This topic describes some best practices for ArcGIS Desktop application deployments. As an important note, ArcGIS Desktop products are self-certified according to the United States Government Configuration Baseline (USGCB, formerly FDCC). ArcGIS Pro (1.4.1 and higher) are also USGCB self-certified. For more information, see Compliance.
Consider deploying and configuring the following on the desktop client to aid in the mitigation of potential risk:
- Host-based anti-virus (A/V)
- Host-based firewall
- Host-based intrusion detection systems (IDS)
Authentication involves verifying the credentials in a connecting attempt to confirm the identity of the client. Consider a single-sign (SSO) or federated authentication solution.
Authorization is the process by which client permissions are verified prior to accessing a resource. This occurs after successful authentication. It is important to implement the principle of least privilege and role-based access control. Since ArcGIS Desktop application architecture traditionally involves interaction between the client desktop and a centralized source such as a Relational Database Management System (RDBMS), it is important to consider how privileges are granted at the database levels. User privileges can be set at different levels such as the following:
- Database management system (DBMS)
- Privileges at this level affect the entire database management system. Generally, this is applied only to database administrators who may need to access and manage all objects in the system.
- Privileges at this level determine what a user or group of users can do in the geodatabase.
- Geodatabase version
- Privilege can be set to control access to a geodatabase version. This is a special type of privilege that is not set through the DBMS. For more information, see Creating versions and setting permissions.
- Dataset privileges determine what a user can do with a particular dataset such as: Select, Update, Insert, or Delete. See Granting and revoking privileges on datasets for more information.
Encryption is the process of transforming data so that it is unreadable by those without a decryption key.
- Encrypt data-in-transit using HTTPS (TLS 1.0 and later) for all communication inbound and outbound from the desktop client.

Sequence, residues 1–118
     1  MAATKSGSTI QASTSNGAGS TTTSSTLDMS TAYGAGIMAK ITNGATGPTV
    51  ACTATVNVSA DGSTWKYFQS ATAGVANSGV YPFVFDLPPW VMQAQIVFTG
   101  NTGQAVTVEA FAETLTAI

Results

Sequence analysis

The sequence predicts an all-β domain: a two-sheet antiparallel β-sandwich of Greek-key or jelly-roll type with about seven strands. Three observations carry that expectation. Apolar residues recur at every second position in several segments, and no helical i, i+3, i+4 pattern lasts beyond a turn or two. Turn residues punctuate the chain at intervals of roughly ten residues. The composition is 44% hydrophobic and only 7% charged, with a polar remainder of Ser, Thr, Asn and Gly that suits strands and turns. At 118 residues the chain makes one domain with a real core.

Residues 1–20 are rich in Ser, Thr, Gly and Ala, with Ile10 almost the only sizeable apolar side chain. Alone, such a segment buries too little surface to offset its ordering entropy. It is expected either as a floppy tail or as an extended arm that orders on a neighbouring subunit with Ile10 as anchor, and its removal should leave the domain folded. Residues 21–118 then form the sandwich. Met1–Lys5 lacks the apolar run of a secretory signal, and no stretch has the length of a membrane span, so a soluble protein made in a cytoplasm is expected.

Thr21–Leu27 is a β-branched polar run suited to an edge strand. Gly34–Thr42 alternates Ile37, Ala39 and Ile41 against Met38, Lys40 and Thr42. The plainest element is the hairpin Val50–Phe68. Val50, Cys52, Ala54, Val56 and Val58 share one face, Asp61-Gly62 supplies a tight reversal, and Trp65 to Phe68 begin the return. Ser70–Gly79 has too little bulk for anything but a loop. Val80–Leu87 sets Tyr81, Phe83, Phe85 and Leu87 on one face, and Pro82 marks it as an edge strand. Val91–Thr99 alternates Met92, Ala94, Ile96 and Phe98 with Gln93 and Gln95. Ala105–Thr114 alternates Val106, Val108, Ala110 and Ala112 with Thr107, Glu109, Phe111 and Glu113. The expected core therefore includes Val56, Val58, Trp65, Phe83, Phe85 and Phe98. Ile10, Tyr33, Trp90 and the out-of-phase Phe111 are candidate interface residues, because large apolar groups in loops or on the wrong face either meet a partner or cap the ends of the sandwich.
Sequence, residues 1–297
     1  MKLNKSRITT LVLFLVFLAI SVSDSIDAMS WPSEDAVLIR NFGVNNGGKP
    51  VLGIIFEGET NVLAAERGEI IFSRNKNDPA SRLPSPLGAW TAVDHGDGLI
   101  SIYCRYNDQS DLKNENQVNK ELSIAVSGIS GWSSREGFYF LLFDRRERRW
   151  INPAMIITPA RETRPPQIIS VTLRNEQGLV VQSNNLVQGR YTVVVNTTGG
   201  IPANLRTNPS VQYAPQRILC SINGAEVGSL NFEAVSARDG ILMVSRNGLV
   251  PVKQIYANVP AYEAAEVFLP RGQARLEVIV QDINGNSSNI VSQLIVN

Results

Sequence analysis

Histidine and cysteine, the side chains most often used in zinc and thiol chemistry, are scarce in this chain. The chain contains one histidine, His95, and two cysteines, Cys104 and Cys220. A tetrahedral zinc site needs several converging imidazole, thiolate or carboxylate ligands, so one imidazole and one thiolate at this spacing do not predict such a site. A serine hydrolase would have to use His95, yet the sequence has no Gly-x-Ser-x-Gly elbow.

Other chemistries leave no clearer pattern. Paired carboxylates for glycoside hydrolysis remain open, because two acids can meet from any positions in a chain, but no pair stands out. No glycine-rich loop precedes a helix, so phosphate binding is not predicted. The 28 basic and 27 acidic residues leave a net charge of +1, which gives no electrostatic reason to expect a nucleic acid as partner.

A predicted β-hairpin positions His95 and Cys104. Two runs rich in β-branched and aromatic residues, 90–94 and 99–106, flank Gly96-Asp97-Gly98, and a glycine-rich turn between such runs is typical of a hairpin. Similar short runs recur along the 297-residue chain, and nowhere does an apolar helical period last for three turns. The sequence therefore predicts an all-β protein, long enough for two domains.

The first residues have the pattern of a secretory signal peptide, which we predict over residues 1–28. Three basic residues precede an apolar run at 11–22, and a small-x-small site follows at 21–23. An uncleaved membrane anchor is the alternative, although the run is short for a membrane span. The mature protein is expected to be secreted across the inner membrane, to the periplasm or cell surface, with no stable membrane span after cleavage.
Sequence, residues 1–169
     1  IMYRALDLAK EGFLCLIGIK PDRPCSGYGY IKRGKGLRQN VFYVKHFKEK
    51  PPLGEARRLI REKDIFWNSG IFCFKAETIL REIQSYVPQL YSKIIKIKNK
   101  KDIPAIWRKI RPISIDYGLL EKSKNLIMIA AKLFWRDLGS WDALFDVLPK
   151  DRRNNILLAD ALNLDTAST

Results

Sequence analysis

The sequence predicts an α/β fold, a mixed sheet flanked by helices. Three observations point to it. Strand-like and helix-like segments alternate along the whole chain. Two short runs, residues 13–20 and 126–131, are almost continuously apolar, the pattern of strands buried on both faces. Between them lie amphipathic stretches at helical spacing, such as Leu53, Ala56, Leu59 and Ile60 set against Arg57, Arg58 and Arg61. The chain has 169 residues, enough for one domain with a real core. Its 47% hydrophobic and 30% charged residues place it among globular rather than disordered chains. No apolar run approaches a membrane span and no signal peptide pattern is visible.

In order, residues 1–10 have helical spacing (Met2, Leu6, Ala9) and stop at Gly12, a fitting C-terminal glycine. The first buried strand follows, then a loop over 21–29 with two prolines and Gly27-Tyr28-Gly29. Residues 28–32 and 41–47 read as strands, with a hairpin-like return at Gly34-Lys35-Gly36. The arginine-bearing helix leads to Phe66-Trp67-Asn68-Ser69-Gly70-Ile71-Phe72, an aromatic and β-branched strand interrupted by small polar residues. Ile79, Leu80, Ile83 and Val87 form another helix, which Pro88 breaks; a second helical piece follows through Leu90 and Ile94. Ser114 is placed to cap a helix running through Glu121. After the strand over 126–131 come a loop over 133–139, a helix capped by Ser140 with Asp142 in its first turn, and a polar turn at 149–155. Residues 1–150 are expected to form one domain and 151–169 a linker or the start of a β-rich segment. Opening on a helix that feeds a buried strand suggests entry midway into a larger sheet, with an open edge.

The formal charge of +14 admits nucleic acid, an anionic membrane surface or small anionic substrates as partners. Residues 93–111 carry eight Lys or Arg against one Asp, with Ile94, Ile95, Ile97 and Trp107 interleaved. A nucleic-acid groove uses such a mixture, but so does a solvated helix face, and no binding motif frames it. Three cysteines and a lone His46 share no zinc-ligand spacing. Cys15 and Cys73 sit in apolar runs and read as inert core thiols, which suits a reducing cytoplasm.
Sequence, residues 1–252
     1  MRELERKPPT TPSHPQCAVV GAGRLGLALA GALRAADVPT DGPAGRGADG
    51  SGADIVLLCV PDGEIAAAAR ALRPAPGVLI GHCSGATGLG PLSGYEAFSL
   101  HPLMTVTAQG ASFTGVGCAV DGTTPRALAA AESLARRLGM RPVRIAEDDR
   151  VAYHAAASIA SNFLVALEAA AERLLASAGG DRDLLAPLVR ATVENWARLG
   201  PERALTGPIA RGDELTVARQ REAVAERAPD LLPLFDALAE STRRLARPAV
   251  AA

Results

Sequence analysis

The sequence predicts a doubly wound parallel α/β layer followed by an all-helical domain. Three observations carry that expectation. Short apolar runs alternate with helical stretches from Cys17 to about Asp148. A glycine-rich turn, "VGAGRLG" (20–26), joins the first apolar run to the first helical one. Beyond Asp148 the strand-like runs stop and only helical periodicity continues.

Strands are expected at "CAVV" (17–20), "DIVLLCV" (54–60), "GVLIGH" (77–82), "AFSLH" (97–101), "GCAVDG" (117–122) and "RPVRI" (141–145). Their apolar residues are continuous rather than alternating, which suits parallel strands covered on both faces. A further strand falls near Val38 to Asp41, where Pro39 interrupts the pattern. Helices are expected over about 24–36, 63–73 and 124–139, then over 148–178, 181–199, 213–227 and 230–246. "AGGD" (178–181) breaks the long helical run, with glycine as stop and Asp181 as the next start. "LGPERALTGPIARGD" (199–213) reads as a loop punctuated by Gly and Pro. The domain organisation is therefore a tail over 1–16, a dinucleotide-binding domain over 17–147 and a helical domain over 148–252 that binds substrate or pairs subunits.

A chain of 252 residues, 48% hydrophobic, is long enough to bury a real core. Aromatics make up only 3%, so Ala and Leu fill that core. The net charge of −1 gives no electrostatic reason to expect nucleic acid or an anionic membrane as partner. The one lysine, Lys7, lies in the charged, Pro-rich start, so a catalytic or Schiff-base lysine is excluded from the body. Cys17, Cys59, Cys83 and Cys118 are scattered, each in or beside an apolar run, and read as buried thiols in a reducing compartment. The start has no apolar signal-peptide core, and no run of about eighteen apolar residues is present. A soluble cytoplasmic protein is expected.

- Use existing certificate infrastructure and trusted certificates signed by a trusted third party certificate authority
- Encrypt data-at-rest (as feasible).
- For workstations, consider using full disk encryption.
- For databases, consider using Transparent Data Encryption (TDE).
- For file repositories, consider using full disk encryption.
- Ensure the use of strong encryption algorithms.
- Cryptography is a constantly changing field, and older algorithms will continue to be found unsafe.
- Monitor standard bodies such as NIST for recommendations.
Logging and auditing
Logging involves recording events of interest from a system. Auditing is the practice of inspecting those logs to ensure the system is functioning desirably or to answer a specific question about a particular transaction that occurred.
- Log events such as successful logins, failed logins, and other events as directed by organizational policy.
- Consider logging at application, operating system, and network levels.
- Consider using an enterprise Security Information and Event Management solution to perform analysis and correlation of the events. This will aid in identifying potential malicious activity.
Hardening is the process of securely configuring systems to mitigate as many security risks as possible. The attack surface can be minimized on a given system by:
- Implementing application-level hardening such as the guidance mentioned above.
- Removing unnecessary software.
- Disabling unnecessary services.
- Using a security hardened image. ArcGIS Desktop and ArcGIS Pro products are self-certified according to the United States Government Configuration Baseline (USGCB, formerly FDCC).